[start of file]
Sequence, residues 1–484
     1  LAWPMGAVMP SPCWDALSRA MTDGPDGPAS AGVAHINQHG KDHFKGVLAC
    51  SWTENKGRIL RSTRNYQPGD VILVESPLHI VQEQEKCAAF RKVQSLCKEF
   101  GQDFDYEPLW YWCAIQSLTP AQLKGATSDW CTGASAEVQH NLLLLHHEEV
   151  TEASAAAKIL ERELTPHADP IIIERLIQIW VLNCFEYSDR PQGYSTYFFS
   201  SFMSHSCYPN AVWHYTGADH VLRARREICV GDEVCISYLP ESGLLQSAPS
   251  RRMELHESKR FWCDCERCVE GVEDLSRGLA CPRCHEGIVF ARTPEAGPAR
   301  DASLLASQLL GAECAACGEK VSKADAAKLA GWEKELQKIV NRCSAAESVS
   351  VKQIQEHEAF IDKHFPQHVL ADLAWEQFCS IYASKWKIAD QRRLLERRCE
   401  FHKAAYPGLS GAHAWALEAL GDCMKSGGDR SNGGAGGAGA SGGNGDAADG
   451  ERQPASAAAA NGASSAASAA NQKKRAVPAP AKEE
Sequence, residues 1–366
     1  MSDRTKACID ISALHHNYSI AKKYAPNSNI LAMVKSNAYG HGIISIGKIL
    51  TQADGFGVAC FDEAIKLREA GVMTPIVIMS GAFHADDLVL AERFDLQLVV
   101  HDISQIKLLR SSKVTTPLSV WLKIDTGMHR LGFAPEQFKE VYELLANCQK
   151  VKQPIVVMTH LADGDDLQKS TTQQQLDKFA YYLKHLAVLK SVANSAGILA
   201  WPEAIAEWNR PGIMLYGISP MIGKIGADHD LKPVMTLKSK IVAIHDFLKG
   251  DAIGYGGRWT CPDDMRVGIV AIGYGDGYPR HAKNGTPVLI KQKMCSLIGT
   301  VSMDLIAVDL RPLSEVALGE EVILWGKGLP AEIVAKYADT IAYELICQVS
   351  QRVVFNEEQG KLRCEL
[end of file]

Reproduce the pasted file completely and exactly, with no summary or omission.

Sequence, residues 1–484
     1  LAWPMGAVMP SPCWDALSRA MTDGPDGPAS AGVAHINQHG KDHFKGVLAC
    51  SWTENKGRIL RSTRNYQPGD VILVESPLHI VQEQEKCAAF RKVQSLCKEF
   101  GQDFDYEPLW YWCAIQSLTP AQLKGATSDW CTGASAEVQH NLLLLHHEEV
   151  TEASAAAKIL ERELTPHADP IIIERLIQIW VLNCFEYSDR PQGYSTYFFS
   201  SFMSHSCYPN AVWHYTGADH VLRARREICV GDEVCISYLP ESGLLQSAPS
   251  RRMELHESKR FWCDCERCVE GVEDLSRGLA CPRCHEGIVF ARTPEAGPAR
   301  DASLLASQLL GAECAACGEK VSKADAAKLA GWEKELQKIV NRCSAAESVS
   351  VKQIQEHEAF IDKHFPQHVL ADLAWEQFCS IYASKWKIAD QRRLLERRCE
   401  FHKAAYPGLS GAHAWALEAL GDCMKSGGDR SNGGAGGAGA SGGNGDAADG
   451  ERQPASAAAA NGASSAASAA NQKKRAVPAP AKEE
Sequence, residues 1–366
     1  MSDRTKACID ISALHHNYSI AKKYAPNSNI LAMVKSNAYG HGIISIGKIL
    51  TQADGFGVAC FDEAIKLREA GVMTPIVIMS GAFHADDLVL AERFDLQLVV
   101  HDISQIKLLR SSKVTTPLSV WLKIDTGMHR LGFAPEQFKE VYELLANCQK
   151  VKQPIVVMTH LADGDDLQKS TTQQQLDKFA YYLKHLAVLK SVANSAGILA
   201  WPEAIAEWNR PGIMLYGISP MIGKIGADHD LKPVMTLKSK IVAIHDFLKG
   251  DAIGYGGRWT CPDDMRVGIV AIGYGDGYPR HAKNGTPVLI KQKMCSLIGT
   301  VSMDLIAVDL RPLSEVALGE EVILWGKGLP AEIVAKYADT IAYELICQVS
   351  QRVVFNEEQG KLRCEL